BLOCH, ERNEST - A REQUEST FOR AN OPERA - Downes, Olin - Typed Letter ofClick Image to ZoomEnlarge Image


Downes, Olin (1886-1995)

Typed Letter of Major Musical Importance to Ernest Bloch Signed

"Olin Downes". New York, January 2, 1927. 3 pp. on New York Times stationery. Overall very good with normal folds and paper clip residue on top left corner.
Olin Downes writes to Bloch entreating him to consider …a most 'Ernest' request, or suggestion. Would you consider, most seriously, writing an opera on the subject of the Jewish drama, 'The Dibbuk'? … it seems to me simply opera personified, and your opera - no one elses [sic]…if you would do this, I feel certain we could get a Metropolitan premier, and also the first great Jewish opera.

More personally, Downes writes later in the letter, like everyone else, I suppose, I have hours and sometimes days of frightful despondency. I must tell you that your noble quintet has helped me more than any one thing to get through them. It stirs me through and through; I cannot say which I admire most, the consuming emotion of this music, or the impregnable power of its structure…Please write me, and tell me you want to write that opera.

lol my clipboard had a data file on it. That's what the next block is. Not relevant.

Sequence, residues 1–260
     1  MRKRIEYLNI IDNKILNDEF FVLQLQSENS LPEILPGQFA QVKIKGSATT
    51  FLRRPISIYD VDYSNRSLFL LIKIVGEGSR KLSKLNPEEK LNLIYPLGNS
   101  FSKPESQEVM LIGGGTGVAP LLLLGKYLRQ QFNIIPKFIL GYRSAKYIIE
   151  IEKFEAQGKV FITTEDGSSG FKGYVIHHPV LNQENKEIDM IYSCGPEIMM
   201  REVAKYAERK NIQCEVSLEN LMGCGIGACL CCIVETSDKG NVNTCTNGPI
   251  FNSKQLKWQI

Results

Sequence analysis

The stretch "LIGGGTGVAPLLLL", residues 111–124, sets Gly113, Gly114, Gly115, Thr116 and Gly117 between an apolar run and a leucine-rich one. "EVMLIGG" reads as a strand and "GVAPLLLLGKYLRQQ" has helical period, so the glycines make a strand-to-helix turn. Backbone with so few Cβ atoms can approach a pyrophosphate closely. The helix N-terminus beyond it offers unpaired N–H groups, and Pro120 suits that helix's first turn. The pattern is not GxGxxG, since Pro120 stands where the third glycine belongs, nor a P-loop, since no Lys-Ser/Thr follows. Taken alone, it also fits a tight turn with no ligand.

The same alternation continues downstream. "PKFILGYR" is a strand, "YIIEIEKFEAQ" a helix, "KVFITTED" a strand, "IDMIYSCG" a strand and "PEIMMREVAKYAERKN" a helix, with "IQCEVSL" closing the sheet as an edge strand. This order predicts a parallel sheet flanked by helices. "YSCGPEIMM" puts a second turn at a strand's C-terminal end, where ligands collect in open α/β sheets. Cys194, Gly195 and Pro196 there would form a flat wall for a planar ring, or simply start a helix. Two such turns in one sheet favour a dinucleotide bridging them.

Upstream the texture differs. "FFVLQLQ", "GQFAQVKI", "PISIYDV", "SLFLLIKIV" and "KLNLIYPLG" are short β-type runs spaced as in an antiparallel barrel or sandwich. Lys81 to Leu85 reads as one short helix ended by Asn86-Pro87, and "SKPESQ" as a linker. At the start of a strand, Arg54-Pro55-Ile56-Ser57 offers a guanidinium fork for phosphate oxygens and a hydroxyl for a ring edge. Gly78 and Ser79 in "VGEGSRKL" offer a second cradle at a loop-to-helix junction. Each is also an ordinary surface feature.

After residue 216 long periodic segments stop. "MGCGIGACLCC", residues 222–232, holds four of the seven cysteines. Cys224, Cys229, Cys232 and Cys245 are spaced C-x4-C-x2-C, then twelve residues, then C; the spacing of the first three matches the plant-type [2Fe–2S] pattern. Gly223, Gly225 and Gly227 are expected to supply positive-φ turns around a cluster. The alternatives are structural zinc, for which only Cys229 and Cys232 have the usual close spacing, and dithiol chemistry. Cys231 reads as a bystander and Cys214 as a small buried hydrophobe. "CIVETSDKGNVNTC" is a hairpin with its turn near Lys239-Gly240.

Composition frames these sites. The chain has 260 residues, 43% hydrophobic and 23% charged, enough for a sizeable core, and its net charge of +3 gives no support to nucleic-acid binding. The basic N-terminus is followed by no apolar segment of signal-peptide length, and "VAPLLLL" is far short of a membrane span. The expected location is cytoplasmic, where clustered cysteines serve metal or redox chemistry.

Olin Downes was the foremost music critic for the New York Times and a great advocate of the music of Jean Sibelius long before that composer found widespread acclaim.

The Swiss-born American composer Ernest Bloch held several teaching appointments in the United States, including at the Mannes School of Music, the Cleveland Institute of Music, and the San Francisco Conservatory of Music. Among his notable pupils he counted George Antheil, Frederick Jacobi, Quincy Porter, Bernard Rogers, and Roger Sessions.

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